Corporate fixed-income investing is becoming a buy-and-hold market, as the reduction of traditional market makers and the resulting loss in inventory make active trading strategies more risky.
“The long term favors fundamentally biased fixed-income investors over those with very active trading strategies,” said Michael C. Buchanan, deputy chief investment officer, Western Asset Management Co., Pasadena, Calif. “It's getting the right price and owning the investment, not trading it.
“Some money managers are philosophically founded on active dynamic trading strategies, which can be highly volatile,” Mr. Buchanan added. “Adding value that way is going to be challenging going forward. Active managers who have a foundation of doing fundamental work and are investing for the long term, those yields will increase and my guess is that that will continue.”
Earlier this year, J.P. Morgan Chase & Co. became the latest investment bank to indicate it could cut back on its fixed-income trading desk because of regulatory requirements and capital costs, as Morgan Stanley and Credit Suisse Group have done. Separately, UBS AG last year outsourced most of its fixed-income trading platform to trading software providers Murex and Ion Trading.
In most corporate bond markets, trading has become highly concentrated in just a few liquid issues, and concentration appears to be increasing in some market segments, according to a March 18 report from the Bank for International Settlements.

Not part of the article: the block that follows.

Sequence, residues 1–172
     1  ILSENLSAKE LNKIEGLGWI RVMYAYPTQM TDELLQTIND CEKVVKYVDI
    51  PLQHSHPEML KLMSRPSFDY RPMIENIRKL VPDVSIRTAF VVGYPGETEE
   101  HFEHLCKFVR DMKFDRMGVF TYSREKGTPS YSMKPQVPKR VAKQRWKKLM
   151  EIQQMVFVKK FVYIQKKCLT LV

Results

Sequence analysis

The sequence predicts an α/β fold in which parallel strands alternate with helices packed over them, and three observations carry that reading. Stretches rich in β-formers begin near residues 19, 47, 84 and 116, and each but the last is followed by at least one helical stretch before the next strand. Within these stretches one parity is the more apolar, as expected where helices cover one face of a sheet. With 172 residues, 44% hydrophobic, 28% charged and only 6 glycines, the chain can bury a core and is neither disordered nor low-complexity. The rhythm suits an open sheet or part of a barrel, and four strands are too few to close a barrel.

A recent Western Asset white paper showed that just 44 of the 756 issuers of the more than 6,000 bonds in the Barclays Capital U.S. Corporate Credit Bond index account for a combined 50% of all investment-grade trading volume, while 529 issuers in total make up less than 10% of trading volume. “The market is becoming far more concentrated with a few issuers,” Mr. Buchanan said.
Yet, the volume of investment-grade bond trading has risen to $3.26 trillion as of Dec. 31, up 3.5% for 2014 and 64% above the volume at the end of 2008, according to TRACE data from the Financial Industry Regulatory Authority, Washington.
Gregory Davis, principal and global head of fixed income at Vanguard Group Inc., Valley Forge, Pa., said if there are fewer investment banks willing to act as market makers, trades will be tougher to get done, although he believes more diversification within a fixed-income portfolio could help. “The market taking longer to be able to move positions will ultimately harm performance,” Mr. Davis said. “That's why you need to be highly diversified. Concentration creates a challenge in terms of risk.”